top of page



Dr. Yochum.jpg

Welcome to Rayence Educational Series in partnership with Drs. Terry R. Yochum and Alicia M. Yochum.

Images from radiology practice submitted by Chiropractors throughout the United States will be displayed here with a review and basic description provided by Drs. Terry and Alicia Yochum! This is intended to be a brief discussion with a select group of images so the doctor can review them in a short period of time and learn what the experts see in those images.

If you would like to learn about Rayence's chiropractic x-ray solutions Click Here.


Case History

This 75 year old female patient presents with a history of gastrointestinal reflux dysphasia (GERD).

Radiographic Findings

Note the very large air fluid level seen through the heart on the frontal images, and in the retrocardiac space just posterior to the left ventricle. This large air bubble represents the fundus of the stomach (Magenblasse). This patient has approximately two-thirds of their stomach in their thorax and represents a huge sliding hiatal hernia.

A frequent symptom of hiatal hernia is acid reflux to the esophagus. This patient is likely sleeping with two or three pillows elevating their head. Not all sliding hiatal hernias are symptomatic but one this size certainly was. Follow up with a gastroenterologist is recommended.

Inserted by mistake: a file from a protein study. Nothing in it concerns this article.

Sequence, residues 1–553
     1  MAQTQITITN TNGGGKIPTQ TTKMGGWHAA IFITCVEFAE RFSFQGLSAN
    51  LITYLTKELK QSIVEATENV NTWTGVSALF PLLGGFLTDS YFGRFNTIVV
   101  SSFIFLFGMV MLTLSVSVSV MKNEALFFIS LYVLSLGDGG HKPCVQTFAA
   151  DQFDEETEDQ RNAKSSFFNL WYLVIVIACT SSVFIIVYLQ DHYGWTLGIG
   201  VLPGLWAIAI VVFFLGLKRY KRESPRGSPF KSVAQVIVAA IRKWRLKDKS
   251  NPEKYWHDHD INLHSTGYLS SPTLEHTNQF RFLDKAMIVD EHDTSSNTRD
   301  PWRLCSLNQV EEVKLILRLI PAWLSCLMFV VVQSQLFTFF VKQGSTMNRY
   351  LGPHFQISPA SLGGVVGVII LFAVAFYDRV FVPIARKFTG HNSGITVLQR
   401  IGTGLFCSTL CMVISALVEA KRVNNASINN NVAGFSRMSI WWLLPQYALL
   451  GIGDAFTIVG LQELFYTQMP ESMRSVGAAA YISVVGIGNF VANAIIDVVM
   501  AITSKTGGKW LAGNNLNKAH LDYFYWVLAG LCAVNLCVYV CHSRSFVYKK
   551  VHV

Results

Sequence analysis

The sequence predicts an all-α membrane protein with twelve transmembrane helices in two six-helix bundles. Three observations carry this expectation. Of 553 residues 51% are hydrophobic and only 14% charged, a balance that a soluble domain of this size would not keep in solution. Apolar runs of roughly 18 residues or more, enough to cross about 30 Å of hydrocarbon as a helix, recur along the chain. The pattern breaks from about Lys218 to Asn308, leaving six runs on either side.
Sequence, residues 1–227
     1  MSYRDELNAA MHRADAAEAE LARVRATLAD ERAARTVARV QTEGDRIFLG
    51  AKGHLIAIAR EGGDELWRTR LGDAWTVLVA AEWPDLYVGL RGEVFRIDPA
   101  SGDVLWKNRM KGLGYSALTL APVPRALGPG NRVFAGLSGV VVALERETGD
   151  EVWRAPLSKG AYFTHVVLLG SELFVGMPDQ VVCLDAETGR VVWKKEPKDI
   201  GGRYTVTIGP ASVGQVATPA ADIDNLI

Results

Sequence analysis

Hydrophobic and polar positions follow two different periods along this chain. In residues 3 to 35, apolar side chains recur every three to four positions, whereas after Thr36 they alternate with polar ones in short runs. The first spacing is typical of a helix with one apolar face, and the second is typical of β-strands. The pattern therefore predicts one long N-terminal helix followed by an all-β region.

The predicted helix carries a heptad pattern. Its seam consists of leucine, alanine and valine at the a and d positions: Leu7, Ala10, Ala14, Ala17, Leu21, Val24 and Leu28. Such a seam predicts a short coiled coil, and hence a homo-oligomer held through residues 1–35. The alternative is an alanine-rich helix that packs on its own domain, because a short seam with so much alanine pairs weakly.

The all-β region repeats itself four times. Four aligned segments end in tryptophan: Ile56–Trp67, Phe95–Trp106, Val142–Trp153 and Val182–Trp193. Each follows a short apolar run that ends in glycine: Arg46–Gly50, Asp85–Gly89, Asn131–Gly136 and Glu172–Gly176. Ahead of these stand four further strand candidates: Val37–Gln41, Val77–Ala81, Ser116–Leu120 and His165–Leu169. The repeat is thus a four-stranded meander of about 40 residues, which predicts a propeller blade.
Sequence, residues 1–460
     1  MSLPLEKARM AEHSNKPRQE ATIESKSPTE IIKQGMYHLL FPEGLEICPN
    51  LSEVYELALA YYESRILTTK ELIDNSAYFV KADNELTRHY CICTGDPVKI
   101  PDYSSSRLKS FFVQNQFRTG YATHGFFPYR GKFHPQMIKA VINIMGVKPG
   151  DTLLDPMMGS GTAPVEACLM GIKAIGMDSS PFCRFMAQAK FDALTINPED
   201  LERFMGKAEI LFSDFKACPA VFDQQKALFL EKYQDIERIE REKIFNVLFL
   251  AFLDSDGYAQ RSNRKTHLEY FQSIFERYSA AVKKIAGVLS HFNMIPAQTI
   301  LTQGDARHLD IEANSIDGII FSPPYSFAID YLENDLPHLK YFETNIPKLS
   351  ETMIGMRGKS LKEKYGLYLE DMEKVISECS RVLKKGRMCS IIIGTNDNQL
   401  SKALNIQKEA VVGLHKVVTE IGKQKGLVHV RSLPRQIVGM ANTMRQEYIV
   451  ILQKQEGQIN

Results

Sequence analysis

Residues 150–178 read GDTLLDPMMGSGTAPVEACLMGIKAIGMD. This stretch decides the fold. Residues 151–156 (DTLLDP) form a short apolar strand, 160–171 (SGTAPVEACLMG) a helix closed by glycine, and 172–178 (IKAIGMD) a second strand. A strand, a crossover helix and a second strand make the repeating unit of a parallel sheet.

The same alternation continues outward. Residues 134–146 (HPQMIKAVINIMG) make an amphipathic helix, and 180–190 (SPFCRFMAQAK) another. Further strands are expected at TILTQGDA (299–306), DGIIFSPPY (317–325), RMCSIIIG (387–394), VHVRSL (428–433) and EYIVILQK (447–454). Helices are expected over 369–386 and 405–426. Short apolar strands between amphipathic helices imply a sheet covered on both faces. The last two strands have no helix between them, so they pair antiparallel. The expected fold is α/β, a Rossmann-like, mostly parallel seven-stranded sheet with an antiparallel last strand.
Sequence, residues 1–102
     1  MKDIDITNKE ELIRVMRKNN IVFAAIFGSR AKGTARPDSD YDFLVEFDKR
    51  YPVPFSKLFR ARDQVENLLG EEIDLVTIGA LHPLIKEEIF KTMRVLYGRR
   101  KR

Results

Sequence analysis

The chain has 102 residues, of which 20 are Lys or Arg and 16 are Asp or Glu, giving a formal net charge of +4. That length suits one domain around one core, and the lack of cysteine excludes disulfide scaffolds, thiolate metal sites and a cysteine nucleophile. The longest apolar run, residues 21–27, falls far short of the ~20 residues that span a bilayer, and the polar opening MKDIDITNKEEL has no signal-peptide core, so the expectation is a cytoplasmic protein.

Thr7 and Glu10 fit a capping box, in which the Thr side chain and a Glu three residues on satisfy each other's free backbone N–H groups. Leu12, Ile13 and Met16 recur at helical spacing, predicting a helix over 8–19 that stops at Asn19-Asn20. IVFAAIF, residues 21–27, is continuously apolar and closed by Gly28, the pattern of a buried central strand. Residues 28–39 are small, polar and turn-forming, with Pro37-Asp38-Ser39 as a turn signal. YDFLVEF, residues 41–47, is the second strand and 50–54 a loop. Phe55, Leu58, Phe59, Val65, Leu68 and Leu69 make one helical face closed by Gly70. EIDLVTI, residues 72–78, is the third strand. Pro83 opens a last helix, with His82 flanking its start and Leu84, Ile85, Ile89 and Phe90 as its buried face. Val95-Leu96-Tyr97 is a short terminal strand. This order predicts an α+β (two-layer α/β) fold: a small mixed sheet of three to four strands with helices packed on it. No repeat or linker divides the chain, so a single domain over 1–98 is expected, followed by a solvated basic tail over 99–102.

Case History

This young male patient was in a recent motor vehicle accident and presents with cervical spine pain.

Radiographic Findings

Observe the hypoplasia of the C5 and C6 vertebral bodies which represents a mild form of a congenital block vertebrae. Note the anterior bony densities in front of the disc space between C5 and C6. This bony density could be confused with calcification of the anterior longitudinal ligament or an intercalary bone. However, this is a very characteristic appearance of congenitally elongated transverse processes of C5 and C6. This is a developmental variant with no clinical significance and should not be confused with any form of fracture. Congenital block vertebrae frequently present with fusion of the posterior facets, lamina, and spinous processes. This patient had no fusion of the facets or lamina. Of incidental notation is a small calcified nuchal bone present posterior to C6. This is not symptom generating.

Surgical arthrodesis has occurred between C6 and C7 across the disc space. There have been threaded screws placed within the vertebral body of C4 and C5 and both screws on the inferior aspect have been fractured. This can produce instability and may require surgical correction. This case demonstrates two different types of spinal fusion, one done by bone graft and one done by metallic fixation.

System News
bottom of page